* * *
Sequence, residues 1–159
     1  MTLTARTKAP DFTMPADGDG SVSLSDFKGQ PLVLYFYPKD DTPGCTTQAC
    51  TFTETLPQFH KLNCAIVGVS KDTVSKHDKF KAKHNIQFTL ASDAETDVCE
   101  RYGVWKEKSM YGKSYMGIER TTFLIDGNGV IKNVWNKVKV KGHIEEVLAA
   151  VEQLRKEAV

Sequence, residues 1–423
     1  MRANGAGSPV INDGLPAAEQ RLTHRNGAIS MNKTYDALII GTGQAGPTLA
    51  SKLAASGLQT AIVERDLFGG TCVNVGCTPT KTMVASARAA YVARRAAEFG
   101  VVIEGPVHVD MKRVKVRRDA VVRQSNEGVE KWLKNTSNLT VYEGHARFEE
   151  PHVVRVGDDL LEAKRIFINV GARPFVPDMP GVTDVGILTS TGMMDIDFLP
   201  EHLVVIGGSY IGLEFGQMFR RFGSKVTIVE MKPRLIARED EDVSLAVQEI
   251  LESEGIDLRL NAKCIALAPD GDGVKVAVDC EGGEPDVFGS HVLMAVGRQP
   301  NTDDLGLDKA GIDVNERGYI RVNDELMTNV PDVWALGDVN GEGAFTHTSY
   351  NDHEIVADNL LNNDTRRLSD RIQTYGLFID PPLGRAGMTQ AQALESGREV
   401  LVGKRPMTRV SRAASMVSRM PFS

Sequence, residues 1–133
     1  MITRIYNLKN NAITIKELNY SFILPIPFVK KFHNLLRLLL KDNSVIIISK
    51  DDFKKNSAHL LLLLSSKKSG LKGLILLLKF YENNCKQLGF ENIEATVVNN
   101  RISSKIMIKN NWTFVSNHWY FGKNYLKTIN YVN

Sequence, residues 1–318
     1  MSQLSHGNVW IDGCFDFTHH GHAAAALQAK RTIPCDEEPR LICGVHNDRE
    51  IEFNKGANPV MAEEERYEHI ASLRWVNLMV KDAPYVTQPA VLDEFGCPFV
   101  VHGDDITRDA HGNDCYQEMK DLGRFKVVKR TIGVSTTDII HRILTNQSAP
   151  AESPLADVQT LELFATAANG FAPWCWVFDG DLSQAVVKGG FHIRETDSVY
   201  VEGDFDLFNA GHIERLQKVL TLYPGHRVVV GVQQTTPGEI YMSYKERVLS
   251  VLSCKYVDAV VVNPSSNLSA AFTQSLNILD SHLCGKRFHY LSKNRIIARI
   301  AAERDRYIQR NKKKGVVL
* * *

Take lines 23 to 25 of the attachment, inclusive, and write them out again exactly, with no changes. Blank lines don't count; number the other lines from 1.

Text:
   101  VHGDDITRDA HGNDCYQEMK DLGRFKVVKR TIGVSTTDII HRILTNQSAP
   151  AESPLADVQT LELFATAANG FAPWCWVFDG DLSQAVVKGG FHIRETDSVY
   201  VEGDFDLFNA GHIERLQKVL TLYPGHRVVV GVQQTTPGEI YMSYKERVLS